Kim Jong Nam's body still in Malaysian custody

Kim Jong Nam arriving at Beijing airport in Beijing, China, in this photo taken by Kyodo, on Feb 11, 2007.
Kim Jong Nam arriving at Beijing airport in Beijing, China, in this photo taken by Kyodo, on Feb 11, 2007.PHOTO: REUTERS

The remains of Mr Kim Jong Nam are still in Malaysian custody, the government confirmed yesterday, as nothing emerged on the fate of the nine Malaysians barred from leaving North Korea for the past three weeks.

Health Minister Subramaniam Sathasivam told reporters that the next-of-kin of the murdered half- brother of North Korean leader Kim Jong Un had yet to "provide any assistance" to determine the next destination of the body.

There was intense speculation early on Monday about a deal between Pyongyang and Kuala Lumpur in which the nine Malaysians would be allowed to leave North Korea and Mr Kim's body would be sent to China.

Malaysia and North Korea are in a heated row following Mr Kim's killing in Kuala Lumpur.

The speculation was triggered by reports late on Sunday that Mr Kim's body had left the mortuary for a funeral parlour.

By late Monday, however, expectations were dampened as no official word on any deal materialised.

A van likely to be carrying Mr Kim's remains returned to the morgue late on Monday night, and security was beefed up again around the building.

A report by the local China Press daily yesterday claimed that three North Koreans - including a senior diplomat - wanted by police in connection with Mr Kim's murder would be allowed to leave Malaysia. All three have been holed up inside the North Korean Embassy in Kuala Lumpur.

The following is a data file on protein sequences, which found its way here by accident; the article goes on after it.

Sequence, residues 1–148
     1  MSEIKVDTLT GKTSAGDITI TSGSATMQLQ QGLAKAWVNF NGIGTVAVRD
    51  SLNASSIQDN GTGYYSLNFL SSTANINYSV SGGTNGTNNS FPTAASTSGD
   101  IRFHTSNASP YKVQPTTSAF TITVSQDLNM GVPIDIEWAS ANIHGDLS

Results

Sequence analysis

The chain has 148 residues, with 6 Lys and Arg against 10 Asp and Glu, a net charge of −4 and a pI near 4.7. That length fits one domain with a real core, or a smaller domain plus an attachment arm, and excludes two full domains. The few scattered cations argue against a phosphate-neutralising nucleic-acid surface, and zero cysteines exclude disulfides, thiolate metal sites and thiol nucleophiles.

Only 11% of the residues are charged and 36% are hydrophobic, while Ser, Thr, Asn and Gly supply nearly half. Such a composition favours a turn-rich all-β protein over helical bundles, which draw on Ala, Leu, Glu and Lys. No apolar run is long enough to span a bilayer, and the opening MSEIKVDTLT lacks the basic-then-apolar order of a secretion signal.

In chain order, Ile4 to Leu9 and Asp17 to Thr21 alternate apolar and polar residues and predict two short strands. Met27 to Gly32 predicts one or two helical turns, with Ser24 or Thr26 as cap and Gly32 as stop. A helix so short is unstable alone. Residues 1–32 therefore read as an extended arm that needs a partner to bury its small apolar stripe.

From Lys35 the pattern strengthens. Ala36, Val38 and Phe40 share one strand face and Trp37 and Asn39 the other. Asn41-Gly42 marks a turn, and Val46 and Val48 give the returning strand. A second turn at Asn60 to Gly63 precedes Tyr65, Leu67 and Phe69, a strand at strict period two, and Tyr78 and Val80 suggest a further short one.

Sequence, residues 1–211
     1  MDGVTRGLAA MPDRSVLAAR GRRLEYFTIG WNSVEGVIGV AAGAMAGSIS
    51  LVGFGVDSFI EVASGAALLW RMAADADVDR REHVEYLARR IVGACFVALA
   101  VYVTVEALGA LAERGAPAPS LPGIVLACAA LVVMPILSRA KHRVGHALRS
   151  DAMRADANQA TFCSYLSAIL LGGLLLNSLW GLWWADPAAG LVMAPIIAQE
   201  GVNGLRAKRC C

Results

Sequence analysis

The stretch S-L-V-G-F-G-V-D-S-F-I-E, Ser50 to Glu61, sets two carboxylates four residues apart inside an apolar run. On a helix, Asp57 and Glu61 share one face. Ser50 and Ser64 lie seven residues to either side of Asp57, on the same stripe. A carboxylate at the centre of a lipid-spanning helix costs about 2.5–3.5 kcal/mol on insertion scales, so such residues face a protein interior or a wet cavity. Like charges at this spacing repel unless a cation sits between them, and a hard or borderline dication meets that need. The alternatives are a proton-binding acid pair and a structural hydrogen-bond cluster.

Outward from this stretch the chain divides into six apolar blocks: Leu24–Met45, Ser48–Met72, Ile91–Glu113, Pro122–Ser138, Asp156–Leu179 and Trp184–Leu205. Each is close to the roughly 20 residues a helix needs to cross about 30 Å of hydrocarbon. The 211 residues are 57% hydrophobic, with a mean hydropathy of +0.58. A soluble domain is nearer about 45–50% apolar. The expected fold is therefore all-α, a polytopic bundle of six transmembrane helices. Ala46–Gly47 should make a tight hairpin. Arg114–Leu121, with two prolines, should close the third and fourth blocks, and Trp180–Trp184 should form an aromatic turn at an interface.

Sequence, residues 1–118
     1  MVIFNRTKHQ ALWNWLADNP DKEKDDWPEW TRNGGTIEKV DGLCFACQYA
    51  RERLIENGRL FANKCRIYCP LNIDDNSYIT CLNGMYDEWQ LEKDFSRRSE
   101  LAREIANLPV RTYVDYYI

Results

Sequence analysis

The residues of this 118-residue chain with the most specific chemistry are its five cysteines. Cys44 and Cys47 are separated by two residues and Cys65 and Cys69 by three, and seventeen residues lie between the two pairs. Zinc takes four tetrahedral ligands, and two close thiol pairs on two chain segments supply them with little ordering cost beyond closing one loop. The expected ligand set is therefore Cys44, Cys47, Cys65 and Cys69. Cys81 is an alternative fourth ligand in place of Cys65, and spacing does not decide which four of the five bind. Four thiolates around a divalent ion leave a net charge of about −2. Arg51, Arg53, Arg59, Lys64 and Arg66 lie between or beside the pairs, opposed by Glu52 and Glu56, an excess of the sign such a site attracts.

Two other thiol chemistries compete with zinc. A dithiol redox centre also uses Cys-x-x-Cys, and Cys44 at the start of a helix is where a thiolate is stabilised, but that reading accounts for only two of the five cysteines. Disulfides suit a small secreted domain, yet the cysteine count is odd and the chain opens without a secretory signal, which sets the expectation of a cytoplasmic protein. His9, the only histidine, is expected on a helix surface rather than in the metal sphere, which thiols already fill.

Malaysia has said an autopsy showed that Mr Kim was killed after he was exposed to the lethal nerve agent VX in Kuala Lumpur Airport 2 just as he was about to board a flight to Macau.

Two women - an Indonesian and a Vietnamese - are now in custody, accused of smearing the toxin on his face. Malaysian police said four North Korean suspects fled the country on the day of the attack.

North Korea has dismissed the Malaysian findings, insisting that the dead man was Mr Kim Chol, a citizen travelling on a diplomatic passport, and that the cause of death was a "heart stroke".

It has accused Malaysia of conspiring to tarnish its image, and a diplomatic row between the two countries has seen their ambassadors being recalled, Malaysians barred from leaving North Korea and a similar ban imposed on North Koreans in Malaysia.

 
A version of this article appeared in the print edition of The Straits Times on March 29, 2017, with the headline 'Kim Jong Nam's body still in Malaysian custody'. Print Edition | Subscribe